Directed By: Eric Brevig
Starring: Dan Aykroyd, Justin Timberlake, Tom Cavanagh, and Anna Faris
Studio: Warner Bros. Pictures
Rated PG for Some mild rude humor
Yogi Bear might be smarter than the average bear but his movie is no more than average…period. What we get with the big-screen adaptation of the loveable picnic basket-snatching lug and his best pal Boo Boo is just more of the same old same old. It’s Holiday time-wasting fare that we’ve all become used to around this time of the year. You’ve had Christmas Eve at your relatives. You’ve went to Midnight Mass or whatever. You’ve opened presents with the kids Christmas morning. You’ve had Christmas lunch with the other relatives. You’re sitting at home with nothing left to do. So what to do, what to do? Hey, let’s take the kids to the movies. Therefore, now you’re standing in line with 4 to 6 tickets to see…THIS.
“Yogi Bear” starts off with the realization that “Jellystone Park has been losing business. Greedy Mayor Brown decides to shut it down and sell the land. That means families will no longer be able to experience the natural beauty of the outdoors — and, even worse, Yogi and Boo Boo will be tossed out of the only home they’ve ever known. Faced with his biggest challenge ever, Yogi must prove that he really is ‘smarter than the average bear’ as he and Boo Boo join forces with their old nemesis Ranger Smith to find a way to save Jellystone Park from closing forever. “
“Yogi Bear” isn’t a terrible movie. It’s just not a good movie or a bad movie. It’s devoid of any type of description one way or the other. You pay your money. You get your glasses. You go into the theater. You put on your glasses. You watch for an hour and a half (or drop off in a strange haze off and on). Then get up and go back home. You might giggle every once in a while as I did but that’s about all you’ll get out of the experience. The story is what you’d expect – bad guy wants to destroy forest and park for a payday. Everybody scrambles to save the environment and animals…blah…blah…blah. Here comes Yogi to screw everything up and then accidentally help Ranger Smith fix everything…blah…blah…blah.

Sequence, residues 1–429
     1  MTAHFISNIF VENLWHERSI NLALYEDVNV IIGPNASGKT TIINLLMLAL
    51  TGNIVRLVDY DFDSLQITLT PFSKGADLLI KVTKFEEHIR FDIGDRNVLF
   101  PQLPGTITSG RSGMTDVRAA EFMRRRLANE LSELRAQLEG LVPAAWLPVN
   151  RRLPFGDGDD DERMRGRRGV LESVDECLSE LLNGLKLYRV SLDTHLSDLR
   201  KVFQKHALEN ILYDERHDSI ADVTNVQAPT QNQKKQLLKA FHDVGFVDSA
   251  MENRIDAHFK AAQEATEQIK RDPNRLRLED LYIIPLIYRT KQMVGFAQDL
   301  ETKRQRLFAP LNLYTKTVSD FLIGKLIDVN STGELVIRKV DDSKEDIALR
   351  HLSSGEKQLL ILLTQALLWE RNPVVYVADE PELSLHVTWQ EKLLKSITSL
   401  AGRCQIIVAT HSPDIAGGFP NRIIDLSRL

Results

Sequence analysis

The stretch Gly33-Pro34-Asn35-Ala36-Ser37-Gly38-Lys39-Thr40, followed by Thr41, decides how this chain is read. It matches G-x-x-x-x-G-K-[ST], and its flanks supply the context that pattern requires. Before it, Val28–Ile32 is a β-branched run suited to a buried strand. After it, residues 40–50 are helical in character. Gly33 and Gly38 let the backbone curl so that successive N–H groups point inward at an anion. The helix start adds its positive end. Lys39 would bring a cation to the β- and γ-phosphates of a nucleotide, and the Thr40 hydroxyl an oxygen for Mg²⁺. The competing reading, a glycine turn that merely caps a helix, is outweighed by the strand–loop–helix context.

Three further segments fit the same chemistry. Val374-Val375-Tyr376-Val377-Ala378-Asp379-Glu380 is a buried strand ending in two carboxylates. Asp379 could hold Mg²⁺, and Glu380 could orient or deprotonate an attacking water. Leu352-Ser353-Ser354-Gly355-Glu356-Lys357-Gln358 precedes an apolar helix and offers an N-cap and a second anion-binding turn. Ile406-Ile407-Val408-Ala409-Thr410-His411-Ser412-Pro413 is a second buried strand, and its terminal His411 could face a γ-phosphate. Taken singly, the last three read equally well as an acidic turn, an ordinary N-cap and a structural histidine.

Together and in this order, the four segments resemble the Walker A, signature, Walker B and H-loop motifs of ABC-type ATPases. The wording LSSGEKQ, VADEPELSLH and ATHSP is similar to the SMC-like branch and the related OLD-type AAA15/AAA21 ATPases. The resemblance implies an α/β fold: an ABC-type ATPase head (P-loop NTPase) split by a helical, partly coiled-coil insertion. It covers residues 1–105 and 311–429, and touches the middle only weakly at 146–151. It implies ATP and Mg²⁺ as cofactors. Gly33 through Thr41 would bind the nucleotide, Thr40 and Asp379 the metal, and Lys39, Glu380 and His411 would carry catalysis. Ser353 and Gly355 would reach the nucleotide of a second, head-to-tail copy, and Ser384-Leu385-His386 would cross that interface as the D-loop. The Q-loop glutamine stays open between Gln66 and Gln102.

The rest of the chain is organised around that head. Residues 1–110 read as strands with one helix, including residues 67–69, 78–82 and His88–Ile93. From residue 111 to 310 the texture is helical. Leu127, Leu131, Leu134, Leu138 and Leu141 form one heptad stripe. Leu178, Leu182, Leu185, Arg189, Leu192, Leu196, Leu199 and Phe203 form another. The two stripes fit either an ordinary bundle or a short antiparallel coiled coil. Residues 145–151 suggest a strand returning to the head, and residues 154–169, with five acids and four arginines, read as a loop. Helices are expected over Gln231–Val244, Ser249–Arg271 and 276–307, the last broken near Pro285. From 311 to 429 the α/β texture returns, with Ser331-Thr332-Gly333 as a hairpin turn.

Here’s another perfect example of actors being in a film and the viewers not even being able to tell that’s it them voicing the characters. You can’t tell for one second that Dan Ackroyd or Justin Timberlake are voicing Yogi or Boo Boo. What a waste of casting and money for the studio. I guess it’s worth it for them to be able to put their names on the posters to pull in a crowd. Tom Cavanaugh as Ranger Smith basically just stood around cooing idiotically over Ana Faris and then playing straight man to a bear in a tie and hat. Anna Faris was obviously put in the film to be eye candy for any males dragged to the film by their wives, significant others, or kids. She has nothing to do here except get drooled over by Cavanaugh and try to act like a nature documentarian.
The special effects in “Yogi Bear”don’t even stand out as good or bad. They’re adequate. They get the job done. Yogi and Boo Boo don’t look any better or worse than any of the other supposedly real but kind of animated animals we’ve seen over the past three years or so. Yogi…Boo Boo…Scooby-Doo…Alvin…Simon…Theodore…what’s the difference really? Suprisingly, the 3D was actually far better executed in this than any other films I’ve seen lately using the “technology” (I use that term loosely). The cameraman seemed like he actually put some thought into angles he could shoot from that would make things come out of the screen better and give the picture more depth.
With all this being said for my and the other parents’ sake, my four year-old laughed at “Yogi Bear” and couldn’t wait to get home and tell his mommy all the funny parts. Apparently, the studios still know how to entertain the kids. They’ve just forgotten a lot of times how to entertain the kids…AND the parents at the same time.
Source: Yahoo! Movies